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1. Dehydroepiandrosterone Research: Past, Current and Future
2. Astrocyte Neuroprotection and Dehydroepiandrosterone
Bruno Dutra Arbo
3. Mutation of HSD3B2 Gene and Fate of Dehydroepiandrosterone
4. Autophagy and Autophagic Cell Death: Uncovering New Mechanisms Whereby Dehydroepiandrosterone Promotes Beneficial Effects on Human Health
Maria Rosa Ciriolo
5. Dehydroepiandrosterone and Cardiovascular Disease
6. Dehydroepiandrosterone and Experimental Osteoarthritis
7. The Role of Dehydroepiandrosterone (DHEA) in Skeletal Muscle
8. Mechanism of Action of Dehydroepiandrosterone
Carolyn M. Klinge
9. Dehydroepiandrosterone (DHEA) and its Sulfate (DHEA-S) in Mammalian Reproduction: Known Roles and Novel Paradigms
Bindu Natachandra Chimote
10. Dehydroepiandrosterone (DHEA)-SO4 Depot and Castration Resistant Prostate Cancer
Trevor Martin Penning
11. DHEA Modulates Immune Function: A Review of Evidence
12. Dehydroepiandrosterone and Vitamin E Status
13. Effect of Dehydroepiandrosterone (DHEA) on Diabetes Mellitus and Obesity
14. Dehydroepiandrosterone and Dehydroepiandrosterone-Sulfate and Emotional Processing
Sonia Do Vale
15. Dhea in Prenatal and Post-Natal Life: Implications for Brain and Behaviour
16. Dehydroepiandrosterone and Addiction
17. Dehydroepiandrosterone and Bone
Shuanhu (Joe) Zhou
Dehydroepiandrosterone, Volume 108, the latest release in the Vitamins and Hormones series first published in 1943, covers the field of hormone action, vitamin action, X-ray crystal structure, physiology and enzyme mechanisms, with this release focusing on topics such as Dehydroepiandrosterone Research: Past, Current and Future, Astrocyte Neuroprotection and Dehydroepiandrosterone, Mutation of HSD3B2 Gene and Fate of Dehydroepiandrosterone, Autophagy and Autophagic Cell Death: Uncovering New Mechanisms Whereby Dehydroepiandrosterone Promotes Beneficial Effects on Human Health, Dehydroepiandrosterone and Cardiovascular Disease, Dehydroepiandrosterone and Experimental Osteoarthritis, The Role of Dehydroepiandrosterone (DHEA) in Skeletal Muscle, Mechanism of Action of Dehydroepiandrosterone, and more.
- Focuses on the newest aspects of hormone action in connection with diseases
- Lays the groundwork for the focus of new chemotherapeutic targets
- Represents reviews on emerging areas in hormone action, cellular regulators and signaling pathways
The scope will range from intense basic science to the molecular and physiological aspects of a particular disease state. The audience includes all basic scientists and clinicians interested in the focus of a given volume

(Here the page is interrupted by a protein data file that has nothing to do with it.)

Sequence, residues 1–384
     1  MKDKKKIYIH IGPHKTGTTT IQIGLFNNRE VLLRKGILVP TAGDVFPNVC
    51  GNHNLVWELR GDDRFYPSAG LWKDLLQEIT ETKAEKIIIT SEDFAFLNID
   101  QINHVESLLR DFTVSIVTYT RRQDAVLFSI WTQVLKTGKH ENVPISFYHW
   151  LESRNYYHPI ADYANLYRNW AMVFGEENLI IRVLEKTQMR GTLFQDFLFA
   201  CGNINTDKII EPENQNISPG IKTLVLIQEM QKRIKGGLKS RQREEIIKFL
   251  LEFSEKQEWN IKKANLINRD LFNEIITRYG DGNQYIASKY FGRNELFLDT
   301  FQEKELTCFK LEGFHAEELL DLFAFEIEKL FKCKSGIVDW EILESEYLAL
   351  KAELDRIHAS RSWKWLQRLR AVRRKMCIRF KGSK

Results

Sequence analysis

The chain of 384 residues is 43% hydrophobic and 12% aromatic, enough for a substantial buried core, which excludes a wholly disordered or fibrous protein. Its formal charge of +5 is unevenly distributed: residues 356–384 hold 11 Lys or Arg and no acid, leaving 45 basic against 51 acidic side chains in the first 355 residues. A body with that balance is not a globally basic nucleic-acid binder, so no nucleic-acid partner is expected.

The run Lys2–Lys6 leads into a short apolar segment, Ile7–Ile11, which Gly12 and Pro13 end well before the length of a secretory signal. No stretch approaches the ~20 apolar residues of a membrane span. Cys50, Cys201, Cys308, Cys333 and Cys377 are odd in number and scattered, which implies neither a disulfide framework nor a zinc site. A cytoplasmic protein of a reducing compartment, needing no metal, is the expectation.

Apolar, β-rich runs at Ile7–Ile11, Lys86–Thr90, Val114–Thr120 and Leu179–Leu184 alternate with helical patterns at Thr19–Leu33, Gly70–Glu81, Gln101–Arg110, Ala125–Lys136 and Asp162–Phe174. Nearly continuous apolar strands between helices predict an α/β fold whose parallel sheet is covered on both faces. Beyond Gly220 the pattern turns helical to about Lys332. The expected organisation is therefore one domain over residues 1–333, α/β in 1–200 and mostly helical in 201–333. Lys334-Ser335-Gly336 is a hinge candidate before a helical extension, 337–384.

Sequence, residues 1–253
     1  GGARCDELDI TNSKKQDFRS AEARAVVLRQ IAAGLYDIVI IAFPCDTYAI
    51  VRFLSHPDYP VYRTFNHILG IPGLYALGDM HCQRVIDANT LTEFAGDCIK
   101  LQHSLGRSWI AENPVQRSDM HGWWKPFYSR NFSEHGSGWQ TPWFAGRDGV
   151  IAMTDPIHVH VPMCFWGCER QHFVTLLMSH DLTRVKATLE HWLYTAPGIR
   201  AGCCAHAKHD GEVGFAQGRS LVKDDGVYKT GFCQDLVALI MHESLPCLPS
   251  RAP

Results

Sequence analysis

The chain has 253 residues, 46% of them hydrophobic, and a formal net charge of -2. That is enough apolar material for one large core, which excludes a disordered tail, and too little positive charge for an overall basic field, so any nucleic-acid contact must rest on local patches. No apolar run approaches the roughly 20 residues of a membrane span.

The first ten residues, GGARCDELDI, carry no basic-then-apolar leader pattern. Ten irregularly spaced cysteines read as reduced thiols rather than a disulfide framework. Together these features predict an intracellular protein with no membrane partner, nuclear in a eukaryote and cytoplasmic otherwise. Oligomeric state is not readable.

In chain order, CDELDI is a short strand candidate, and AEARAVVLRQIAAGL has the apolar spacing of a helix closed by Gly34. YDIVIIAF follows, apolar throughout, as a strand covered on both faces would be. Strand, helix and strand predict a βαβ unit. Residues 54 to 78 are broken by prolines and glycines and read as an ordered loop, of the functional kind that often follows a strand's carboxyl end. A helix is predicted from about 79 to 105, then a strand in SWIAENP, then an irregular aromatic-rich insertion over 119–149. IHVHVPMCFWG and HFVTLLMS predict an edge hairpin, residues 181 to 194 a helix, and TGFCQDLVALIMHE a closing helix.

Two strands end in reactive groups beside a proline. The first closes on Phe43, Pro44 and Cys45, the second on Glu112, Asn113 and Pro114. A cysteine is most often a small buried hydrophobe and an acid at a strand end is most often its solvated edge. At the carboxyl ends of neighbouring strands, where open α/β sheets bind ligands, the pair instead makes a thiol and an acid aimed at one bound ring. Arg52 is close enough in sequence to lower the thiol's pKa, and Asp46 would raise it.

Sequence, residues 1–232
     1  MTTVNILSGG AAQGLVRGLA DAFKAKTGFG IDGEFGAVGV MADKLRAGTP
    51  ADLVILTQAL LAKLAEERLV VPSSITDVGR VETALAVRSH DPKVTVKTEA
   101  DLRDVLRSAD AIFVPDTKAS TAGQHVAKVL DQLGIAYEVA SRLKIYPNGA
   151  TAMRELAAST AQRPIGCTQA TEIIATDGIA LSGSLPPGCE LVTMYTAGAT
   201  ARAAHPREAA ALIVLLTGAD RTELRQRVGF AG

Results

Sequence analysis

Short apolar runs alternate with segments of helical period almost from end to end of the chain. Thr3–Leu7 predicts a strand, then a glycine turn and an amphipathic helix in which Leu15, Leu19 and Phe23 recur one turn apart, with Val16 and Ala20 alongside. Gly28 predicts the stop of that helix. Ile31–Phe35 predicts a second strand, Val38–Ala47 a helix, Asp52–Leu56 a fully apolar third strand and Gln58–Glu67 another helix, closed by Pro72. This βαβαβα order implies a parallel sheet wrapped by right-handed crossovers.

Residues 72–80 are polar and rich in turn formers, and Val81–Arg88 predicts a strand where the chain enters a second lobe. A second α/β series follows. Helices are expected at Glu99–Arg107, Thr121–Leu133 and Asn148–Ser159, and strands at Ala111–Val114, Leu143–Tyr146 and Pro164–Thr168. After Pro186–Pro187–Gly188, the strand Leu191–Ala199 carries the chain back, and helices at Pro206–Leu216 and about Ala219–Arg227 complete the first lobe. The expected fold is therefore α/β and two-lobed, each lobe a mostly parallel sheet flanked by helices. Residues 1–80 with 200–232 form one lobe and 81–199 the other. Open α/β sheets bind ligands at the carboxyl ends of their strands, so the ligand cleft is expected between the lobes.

- No. of pages:
- © Academic Press 2018
- 19th July 2018
- Academic Press
- Hardcover ISBN:
- eBook ISBN:
Dr. Gerald Litwack obtained M.S. and PhD degrees from the University of Wisconsin Department of Biochemistry and remained there for a brief time as a Lecturer on Enzymes. Then he entered the Biochemical Institute of the Sorbonne as a Fellow of the National Foundation for Infantile Paralysis. He next moved to Rutgers University as an Assistant Professor of Biochemistry and later as Associate Professor of biochemistry at the University of Pennsylvania Graduate School of Medicine. After four years he moved to the Temple University School of Medicine as Professor of Biochemistry and Deputy Director of the Fels Institute for Cancer Research and Molecular Biology, soon after, becoming the Laura H. Carnell Professor. Subsequently he was appointed chair of Biochemistry and Molecular Pharmacology at the Jefferson Medical College as well as Vice Dean for Research and Deputy Director of the Jefferson Cancer Institute and Director of the Institute for Apoptosis. Following the move of his family, he became a Visiting Scholar at the Department of Biological Chemistry of the Geffen School of Medicine at UCLA and then became the Founding Chair of the Department of Basic Sciences at the Geisinger Commonwealth School of Medicine, becoming Professor of Molecular and Cellular Medicine and Associate Director of the Institute for Regenerative Medicine at the Texas A&M Health Science Center as his final position. During his career he was a visiting scientist at the University of California, San Francisco and Berkeley, Courtauld Institute of Biochemistry, London and the Wistar Institute. He was appointed Emeritus Professor and/or Chair at Rutgers University, Thomas Jefferson University and the Geisinger Commonwealth School of Medicine. He has published more than 300 scientific papers, authored three textbooks and edited more than sixty-five books. Currently he lives with his family and continues his authorship and editorial work in Los Angeles.
Toluca Lake, North Hollywood, California, USA
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